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Why Karzai readily admits receiving bags of Iranian cash

Afghan President Hamid Karzai says he accepts bags of cash from Iran. What do the Iranians want in return?

By Staff writer / October 25, 2010

Afghan President Hamid Karzai talks to the President of Tajikistan Emomalii Rahmon in Kabul, Afghanistan, Oct. 25. Karzai told reporters Monday that once or twice a year Iran gives his office $700,000 to $975,000 for official presidential expenses.

Allauddin Khan/AP Photo


New Dehli

Afghan President Hamid Karzai admitted in a press conference Monday that his office accepts “bags of money” from the Iranian government.

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That bald acknowledgment brings out into the open two uncomfortable facts confronting the US plan to build a modern democracy in Afghanistan. Just as in Iraq, Iran is successfully buying influence with Afghan leaders. And Mr. Karzai – like many members of Afghanistan's political class – sees bags of cash as a perfectly legitimate tool of statecraft.

Iran’s efforts may extend beyond Karzai’s palace. Members of Parliament say other politicians are taking Iranian money. And recent media reports claim that the Iranians are paying the Taliban to kill US soldiers.

What does Iran want for its bags of cash? First and foremost, Iran wants pressure put on international forces to leave its doorstep.

Update: Karzai's acknowledgement of bags of Iranian cash: Why now?

“The Iranians are happy with the Karzai regime being established in Afghanistan – in this way, the US and Iran are aligned. But when it comes to international forces in Afghanistan, the Iranians are quite unhappy about this,” says Waliullah Rahmani, head of the Kabul Center for Strategic Studies.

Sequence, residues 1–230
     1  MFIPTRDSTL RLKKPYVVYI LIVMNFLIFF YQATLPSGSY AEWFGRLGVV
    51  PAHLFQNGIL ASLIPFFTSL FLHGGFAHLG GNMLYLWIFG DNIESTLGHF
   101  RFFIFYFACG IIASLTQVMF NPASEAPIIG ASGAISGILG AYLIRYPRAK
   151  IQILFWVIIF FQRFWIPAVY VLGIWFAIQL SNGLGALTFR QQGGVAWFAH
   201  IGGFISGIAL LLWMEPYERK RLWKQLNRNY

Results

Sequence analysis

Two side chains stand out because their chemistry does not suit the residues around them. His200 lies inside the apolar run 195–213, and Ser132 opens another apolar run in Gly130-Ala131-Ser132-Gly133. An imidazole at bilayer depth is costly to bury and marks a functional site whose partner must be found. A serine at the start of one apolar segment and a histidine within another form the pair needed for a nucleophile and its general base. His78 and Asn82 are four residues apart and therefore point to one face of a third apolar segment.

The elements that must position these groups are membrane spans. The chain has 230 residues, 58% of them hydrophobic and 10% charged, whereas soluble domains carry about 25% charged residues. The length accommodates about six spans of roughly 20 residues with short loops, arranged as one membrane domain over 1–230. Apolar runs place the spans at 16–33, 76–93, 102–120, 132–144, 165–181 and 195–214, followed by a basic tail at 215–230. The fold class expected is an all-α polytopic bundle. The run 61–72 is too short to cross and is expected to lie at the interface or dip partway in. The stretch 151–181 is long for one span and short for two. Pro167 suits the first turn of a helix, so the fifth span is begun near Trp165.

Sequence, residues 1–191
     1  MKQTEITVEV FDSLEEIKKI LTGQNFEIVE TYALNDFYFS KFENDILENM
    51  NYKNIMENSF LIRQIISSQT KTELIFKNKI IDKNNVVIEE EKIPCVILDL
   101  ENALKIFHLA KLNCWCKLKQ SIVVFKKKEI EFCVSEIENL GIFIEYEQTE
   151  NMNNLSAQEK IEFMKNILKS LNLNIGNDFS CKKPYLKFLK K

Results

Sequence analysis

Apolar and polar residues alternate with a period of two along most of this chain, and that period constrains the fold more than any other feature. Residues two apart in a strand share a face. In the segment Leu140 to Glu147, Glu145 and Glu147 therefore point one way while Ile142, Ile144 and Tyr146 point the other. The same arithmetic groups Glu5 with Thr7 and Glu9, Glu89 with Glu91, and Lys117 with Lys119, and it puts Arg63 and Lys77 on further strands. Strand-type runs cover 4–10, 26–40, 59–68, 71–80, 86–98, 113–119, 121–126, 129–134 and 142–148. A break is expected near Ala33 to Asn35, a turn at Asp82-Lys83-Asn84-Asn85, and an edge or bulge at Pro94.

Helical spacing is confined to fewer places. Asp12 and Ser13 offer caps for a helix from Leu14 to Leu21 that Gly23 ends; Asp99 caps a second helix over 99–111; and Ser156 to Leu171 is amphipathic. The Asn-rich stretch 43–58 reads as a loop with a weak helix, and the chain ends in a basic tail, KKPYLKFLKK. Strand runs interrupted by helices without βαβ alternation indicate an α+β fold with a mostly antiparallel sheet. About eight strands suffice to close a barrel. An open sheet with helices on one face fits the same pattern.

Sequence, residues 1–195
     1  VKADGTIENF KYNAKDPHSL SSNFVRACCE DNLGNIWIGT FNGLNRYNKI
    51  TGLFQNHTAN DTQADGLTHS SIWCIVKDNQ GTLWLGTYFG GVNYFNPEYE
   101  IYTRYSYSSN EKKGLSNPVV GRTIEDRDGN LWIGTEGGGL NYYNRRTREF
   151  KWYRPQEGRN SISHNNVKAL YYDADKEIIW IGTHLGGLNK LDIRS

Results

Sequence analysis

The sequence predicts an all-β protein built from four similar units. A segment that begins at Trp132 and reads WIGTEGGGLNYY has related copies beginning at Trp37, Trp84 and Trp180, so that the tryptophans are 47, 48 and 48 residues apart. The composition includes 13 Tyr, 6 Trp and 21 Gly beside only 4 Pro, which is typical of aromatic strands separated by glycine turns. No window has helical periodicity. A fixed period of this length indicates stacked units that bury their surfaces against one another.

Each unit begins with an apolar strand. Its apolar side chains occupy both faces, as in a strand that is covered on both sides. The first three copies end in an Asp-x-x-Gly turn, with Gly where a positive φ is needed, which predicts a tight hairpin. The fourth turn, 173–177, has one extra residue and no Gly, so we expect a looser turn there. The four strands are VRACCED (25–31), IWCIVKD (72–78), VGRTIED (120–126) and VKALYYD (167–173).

The US invasions of Iraq and Afghanistan put American forces on the ground on either side of Iran. In Afghanistan, US forces at Shindand Airbase are less than 75 miles from the Iranian border.

Yankees go home

Iranian President Mahmoud Ahmadinejad has called for the withdrawal of American forces from Afghanistan as a means of stabilizing the region.

Foreign policy wags often point out that the American “war on terror” has inadvertently strengthened the regional clout of US-foe Iran. Yet, Iran and the US ultimately share an ally in Karzai, since both nations are opposed to a Taliban resurgence.

When in power, the Taliban killed Iranian diplomats and oppressed the Shia minority in Afghanistan. Afghanistan's new Constitution, written after the NATO invasion, officially recognized the rights of the Shiites for the first time in Afghanistan's history. Karzai's government also includes members of the Northern Alliance whom Iran supported in previous decades.